The following was written by Stephanie Miele at Linganore High School in Frederick, Maryland. I think it’s important to share her views with you:
“In our profession we call a person who can speak 3 languages trilingual, we call someone who speaks two languages bilingual, and we call someone who only speaks one language American,” FCPS Curriculum Specialist, Ms. Susan Murphy said.
Everybody knows that learning foreign languages is extremely beneficial. When I asked Spanish teacher and World Languages Department chair, Mrs. Doughty, for some of the advantages she asked me if I had two hours.
What many people do not know is that learning a different language actually helps them to understand their own language better. In addition, it allows students to communicate with foreign people and comprehend their culture. Furthermore, studies show that a foreign language gives students higher verbal scores on the SAT. So it is obvious that being bilingual is important, but is it helpful to learn these languages in high school?
Frederick County Public Schools require a minimum of two credits in one foreign language but this is not enough. After passing only two courses of a language, students do not have education in order to actually use it. Mrs. Doughty agrees, saying that stopping after Spanish 2 does not allow students to manage any of the communication skills. So why only have students learn a tiny portion of a different culture instead of teaching them everything?
After taking up to Spanish three, I can barely comprehend or write any of that language. I was too busy focusing on studying for the tests each week, rather than taking the time to understand what I was learning. I am ashamed that all of my hard work and did not pay off, considering I cannot communicate in Spanish.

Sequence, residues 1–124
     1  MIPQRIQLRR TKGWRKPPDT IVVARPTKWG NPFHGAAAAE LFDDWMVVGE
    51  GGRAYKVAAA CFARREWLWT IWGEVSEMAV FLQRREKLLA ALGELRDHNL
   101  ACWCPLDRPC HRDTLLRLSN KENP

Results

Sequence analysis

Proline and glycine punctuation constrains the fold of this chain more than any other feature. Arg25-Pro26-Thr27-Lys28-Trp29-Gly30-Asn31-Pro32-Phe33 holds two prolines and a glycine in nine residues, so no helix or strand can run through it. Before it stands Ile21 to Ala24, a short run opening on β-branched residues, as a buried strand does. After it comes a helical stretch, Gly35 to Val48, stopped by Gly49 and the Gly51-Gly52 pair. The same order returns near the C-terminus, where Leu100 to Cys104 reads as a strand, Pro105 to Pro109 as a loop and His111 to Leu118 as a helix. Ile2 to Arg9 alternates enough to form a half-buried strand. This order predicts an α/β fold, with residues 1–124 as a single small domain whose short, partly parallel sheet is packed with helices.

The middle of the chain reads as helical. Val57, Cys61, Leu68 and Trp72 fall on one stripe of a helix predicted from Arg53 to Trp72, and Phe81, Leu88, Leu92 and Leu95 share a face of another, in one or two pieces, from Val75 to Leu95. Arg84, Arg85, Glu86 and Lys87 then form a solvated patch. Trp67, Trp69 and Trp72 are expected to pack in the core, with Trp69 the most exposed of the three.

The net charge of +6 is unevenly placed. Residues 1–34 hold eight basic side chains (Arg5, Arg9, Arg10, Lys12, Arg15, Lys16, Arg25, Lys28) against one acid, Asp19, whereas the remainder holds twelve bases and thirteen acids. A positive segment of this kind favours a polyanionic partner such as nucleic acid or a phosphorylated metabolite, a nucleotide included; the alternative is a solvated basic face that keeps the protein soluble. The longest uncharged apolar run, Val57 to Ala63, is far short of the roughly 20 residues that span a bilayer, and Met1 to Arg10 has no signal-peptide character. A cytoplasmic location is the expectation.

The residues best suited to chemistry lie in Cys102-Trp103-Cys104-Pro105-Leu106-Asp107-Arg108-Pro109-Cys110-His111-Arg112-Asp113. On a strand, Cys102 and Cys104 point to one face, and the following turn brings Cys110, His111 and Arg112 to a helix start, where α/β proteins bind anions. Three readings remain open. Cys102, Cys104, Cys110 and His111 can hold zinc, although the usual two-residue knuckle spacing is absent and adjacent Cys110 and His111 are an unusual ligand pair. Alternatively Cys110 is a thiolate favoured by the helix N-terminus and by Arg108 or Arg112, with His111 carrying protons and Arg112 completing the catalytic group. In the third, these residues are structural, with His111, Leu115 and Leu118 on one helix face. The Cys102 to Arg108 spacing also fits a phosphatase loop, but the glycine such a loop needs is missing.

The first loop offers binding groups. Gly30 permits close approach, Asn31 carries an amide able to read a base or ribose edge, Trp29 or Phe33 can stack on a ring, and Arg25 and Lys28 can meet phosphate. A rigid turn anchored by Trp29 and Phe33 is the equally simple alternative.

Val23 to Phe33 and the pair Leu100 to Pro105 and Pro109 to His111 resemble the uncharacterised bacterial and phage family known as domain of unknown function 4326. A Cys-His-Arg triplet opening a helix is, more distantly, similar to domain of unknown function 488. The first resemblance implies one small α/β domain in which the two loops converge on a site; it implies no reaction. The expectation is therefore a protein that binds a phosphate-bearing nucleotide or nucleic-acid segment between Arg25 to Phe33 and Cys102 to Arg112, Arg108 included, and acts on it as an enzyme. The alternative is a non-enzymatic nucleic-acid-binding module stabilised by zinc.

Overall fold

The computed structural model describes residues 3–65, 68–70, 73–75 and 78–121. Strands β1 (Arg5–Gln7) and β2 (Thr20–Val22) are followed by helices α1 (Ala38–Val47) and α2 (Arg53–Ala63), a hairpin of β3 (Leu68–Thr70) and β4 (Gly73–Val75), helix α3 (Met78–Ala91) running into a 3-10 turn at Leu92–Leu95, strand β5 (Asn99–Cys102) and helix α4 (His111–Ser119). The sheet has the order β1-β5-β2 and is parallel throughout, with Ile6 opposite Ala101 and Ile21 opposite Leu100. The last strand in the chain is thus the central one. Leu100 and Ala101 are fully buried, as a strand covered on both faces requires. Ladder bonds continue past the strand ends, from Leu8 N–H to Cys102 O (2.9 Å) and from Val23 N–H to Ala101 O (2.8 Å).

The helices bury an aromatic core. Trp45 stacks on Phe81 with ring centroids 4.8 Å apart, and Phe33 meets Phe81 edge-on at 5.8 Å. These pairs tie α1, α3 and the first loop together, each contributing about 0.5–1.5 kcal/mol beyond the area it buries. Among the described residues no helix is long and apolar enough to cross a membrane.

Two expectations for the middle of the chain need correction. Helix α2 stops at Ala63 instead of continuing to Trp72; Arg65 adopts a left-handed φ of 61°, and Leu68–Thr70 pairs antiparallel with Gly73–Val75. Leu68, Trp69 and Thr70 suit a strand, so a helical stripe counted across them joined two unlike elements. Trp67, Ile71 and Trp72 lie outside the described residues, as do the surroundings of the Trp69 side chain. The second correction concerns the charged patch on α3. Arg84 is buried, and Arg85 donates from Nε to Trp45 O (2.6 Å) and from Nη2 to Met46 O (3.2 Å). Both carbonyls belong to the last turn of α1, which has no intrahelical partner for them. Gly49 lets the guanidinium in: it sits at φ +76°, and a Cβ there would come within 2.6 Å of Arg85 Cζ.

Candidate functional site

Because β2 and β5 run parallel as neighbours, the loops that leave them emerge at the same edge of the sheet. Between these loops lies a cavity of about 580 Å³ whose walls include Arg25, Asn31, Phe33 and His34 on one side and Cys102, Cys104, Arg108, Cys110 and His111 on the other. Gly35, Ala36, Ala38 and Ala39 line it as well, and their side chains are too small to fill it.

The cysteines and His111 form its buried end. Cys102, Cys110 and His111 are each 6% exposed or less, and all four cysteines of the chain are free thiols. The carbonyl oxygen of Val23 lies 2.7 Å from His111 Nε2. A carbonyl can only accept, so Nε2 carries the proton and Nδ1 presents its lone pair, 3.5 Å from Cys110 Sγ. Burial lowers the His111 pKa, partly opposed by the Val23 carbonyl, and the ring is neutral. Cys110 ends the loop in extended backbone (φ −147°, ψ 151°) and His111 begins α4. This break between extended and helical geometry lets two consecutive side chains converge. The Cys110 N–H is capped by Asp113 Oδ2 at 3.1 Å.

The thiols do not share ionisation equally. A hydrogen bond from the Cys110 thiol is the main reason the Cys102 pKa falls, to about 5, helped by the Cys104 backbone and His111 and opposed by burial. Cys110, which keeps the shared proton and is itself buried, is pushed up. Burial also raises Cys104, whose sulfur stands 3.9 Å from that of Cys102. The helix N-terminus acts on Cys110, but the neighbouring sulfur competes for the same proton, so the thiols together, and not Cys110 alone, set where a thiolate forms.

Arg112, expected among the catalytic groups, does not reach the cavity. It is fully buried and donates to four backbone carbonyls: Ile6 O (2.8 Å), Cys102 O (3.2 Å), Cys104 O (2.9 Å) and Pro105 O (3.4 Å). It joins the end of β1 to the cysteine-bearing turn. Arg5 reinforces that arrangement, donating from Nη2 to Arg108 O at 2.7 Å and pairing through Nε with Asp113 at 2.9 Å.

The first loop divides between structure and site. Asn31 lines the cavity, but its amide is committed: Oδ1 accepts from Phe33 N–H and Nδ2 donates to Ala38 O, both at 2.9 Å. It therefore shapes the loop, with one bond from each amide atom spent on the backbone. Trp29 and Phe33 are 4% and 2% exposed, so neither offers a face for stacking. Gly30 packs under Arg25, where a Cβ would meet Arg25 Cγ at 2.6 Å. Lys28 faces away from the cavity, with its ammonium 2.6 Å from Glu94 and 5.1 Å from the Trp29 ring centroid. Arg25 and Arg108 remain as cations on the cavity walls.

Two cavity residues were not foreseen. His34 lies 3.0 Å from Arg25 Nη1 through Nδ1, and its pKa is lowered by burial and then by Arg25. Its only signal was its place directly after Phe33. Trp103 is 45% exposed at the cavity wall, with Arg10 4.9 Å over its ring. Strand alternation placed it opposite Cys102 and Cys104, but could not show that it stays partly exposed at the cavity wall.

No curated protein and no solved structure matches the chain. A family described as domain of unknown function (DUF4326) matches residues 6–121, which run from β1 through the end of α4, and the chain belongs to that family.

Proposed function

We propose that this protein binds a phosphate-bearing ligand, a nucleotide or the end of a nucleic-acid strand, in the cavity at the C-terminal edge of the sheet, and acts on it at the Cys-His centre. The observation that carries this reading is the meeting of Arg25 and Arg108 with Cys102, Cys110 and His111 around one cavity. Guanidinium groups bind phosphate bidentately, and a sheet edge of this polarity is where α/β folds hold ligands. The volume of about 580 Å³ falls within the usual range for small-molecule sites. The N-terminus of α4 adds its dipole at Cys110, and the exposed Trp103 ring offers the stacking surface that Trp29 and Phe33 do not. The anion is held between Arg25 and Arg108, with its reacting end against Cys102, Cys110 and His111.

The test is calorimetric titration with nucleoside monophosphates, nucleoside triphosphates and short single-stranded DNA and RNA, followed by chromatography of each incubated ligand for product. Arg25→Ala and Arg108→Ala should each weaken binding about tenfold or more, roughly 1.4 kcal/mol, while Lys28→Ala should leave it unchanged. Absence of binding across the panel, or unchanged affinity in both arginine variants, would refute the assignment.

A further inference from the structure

However, I do take responsibility for not be willing to actually use what I learned. Rather than reading, listening, or speaking the new language I only practiced it when I was forced to in class.
Just signing up for the class is not enough for students. They cannot persuade themselves to believe that they will become bilingual simply by taking the required course. Rather, they must take action to improve their skills and gain more knowledge.
“If students do not use what they learn, they will lose it. It is important to do anything in that language to make sure it is not forgotten. Reading is the most beneficial, so students can subscribe to newspapers or magazines. Watching TV and listening to the radio in Spanish is helpful too,” Mrs. Doughty said.
Learning foreign languages is crucial and would be easier if schools start teaching their students at a young age. We learned English when we were children and now we speak it without much thought. Therefore, it dominates over new languages that we are just beginning to use.
“We live in a global society; it is not enough for students to learn only two credits of a language because students will forget the language. Even a third credit is not enough for fluency. I certainly hope that foreign languages will soon be a part of the elementary school curriculum. Studying several languages throughout schooling will make it easier for students to understand and accept the different cultures,” Ms. Murphy said.